References

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An important new book from PFAF. It focuses on the attributes of plants suitable for food forests, what each can contribute to a food forest ecosystem, including carbon sequestration, and the kinds of foods they yield. The book suggests that community and small-scale food forests can provide a real alternative to intensive industrialised agriculture, and help to combat the many inter-related environmental crises that threaten the very future of life on Earth.

Read More

FOOD FOREST PLANTS

Other Uses

Pot-pourri  Rooting hormone  Shelterbelt  Wood

An extract of the shoots can be used as a rooting hormone for all types of cuttings. It is extracted by soaking the chopped up shoots in cold water for a day[172]. The dried buds are used in pot-pourri[238]. Wood - soft, rather woolly in texture, without smell or taste, of low flammability, not durable, very resistant to abrasion. Of low quality, it is mainly used as a source of pulp[11, 46].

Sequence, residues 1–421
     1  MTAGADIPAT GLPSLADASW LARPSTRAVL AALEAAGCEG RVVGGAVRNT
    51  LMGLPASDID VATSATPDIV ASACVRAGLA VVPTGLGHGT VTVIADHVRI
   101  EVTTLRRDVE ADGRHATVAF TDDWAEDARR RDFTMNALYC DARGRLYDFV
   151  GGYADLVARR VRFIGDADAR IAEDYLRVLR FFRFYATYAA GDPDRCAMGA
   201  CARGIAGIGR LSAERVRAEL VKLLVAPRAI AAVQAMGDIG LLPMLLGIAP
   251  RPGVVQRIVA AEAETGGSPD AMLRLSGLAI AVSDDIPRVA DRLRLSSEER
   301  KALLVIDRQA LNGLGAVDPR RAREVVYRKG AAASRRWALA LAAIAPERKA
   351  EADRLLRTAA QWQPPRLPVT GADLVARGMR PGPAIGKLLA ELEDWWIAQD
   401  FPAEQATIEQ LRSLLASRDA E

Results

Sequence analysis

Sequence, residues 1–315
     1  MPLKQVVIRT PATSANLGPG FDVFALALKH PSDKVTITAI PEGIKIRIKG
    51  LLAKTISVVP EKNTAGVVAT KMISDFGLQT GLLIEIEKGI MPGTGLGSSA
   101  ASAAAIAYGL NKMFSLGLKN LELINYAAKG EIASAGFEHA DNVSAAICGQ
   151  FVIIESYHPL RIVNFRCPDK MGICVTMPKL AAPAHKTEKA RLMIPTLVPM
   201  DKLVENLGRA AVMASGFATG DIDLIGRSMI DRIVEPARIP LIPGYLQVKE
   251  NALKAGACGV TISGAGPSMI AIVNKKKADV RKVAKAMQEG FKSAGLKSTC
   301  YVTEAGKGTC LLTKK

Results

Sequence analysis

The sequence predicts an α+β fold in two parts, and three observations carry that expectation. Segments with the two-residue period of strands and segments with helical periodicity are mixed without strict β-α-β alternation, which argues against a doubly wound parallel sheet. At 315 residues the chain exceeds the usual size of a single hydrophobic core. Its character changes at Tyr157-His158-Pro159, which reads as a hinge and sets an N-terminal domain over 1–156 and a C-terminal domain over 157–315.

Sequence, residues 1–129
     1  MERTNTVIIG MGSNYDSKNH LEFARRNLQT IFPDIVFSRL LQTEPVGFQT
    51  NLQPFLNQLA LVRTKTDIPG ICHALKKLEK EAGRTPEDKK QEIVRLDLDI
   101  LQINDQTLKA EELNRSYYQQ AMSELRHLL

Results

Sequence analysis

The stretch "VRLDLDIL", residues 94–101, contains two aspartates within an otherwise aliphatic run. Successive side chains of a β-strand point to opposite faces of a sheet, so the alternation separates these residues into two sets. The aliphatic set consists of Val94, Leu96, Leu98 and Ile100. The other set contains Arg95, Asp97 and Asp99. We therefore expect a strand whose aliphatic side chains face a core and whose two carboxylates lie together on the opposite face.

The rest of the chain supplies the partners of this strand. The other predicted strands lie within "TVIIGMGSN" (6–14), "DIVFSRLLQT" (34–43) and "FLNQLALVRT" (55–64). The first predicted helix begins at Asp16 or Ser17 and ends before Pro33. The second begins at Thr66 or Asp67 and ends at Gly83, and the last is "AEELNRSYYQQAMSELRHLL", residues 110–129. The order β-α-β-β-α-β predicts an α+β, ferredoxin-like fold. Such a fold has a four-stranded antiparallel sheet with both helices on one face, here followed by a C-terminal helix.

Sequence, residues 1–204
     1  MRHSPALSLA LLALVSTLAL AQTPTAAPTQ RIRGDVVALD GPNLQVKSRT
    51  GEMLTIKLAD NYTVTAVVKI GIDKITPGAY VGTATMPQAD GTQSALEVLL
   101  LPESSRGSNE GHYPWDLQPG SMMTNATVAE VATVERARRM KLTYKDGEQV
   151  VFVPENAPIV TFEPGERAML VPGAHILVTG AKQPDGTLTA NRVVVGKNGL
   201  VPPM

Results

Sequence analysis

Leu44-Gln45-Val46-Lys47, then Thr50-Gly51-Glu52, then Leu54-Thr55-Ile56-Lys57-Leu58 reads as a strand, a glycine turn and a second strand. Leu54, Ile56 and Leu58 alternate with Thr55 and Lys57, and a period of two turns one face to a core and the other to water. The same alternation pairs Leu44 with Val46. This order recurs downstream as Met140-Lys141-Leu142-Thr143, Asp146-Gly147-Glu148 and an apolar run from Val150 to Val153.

Special Uses

References

Cultivation details

An easily grown plant, it grows well in a heavy cold damp soil[1]. It prefers a deep rich well-drained circumneutral soil, growing best in the south and east of Britain[11, 200]. Growth is much less on wet soils, on poor acid soils and on thin dry soils[11]. Reasonably wind tolerant, though it does not do well in exposed upland sites or in maritime exposure[11, K]. It dislikes shady positions, and is intolerant of root or branch competition[200]. A very fast growing hybrid, this plant is a female clone that is sometimes planted for forestry[11]. It comes into leaf early in the year[11]. Poplars have very extensive and aggressive root systems that can invade and damage drainage systems. Especially when grown on clay soils, they should not be planted within 12 metres of buildings since the root system can damage the building's foundations by drying out the soil[11]. Dioecious. Male and female plants must be grown if seed is required.

References

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Propagation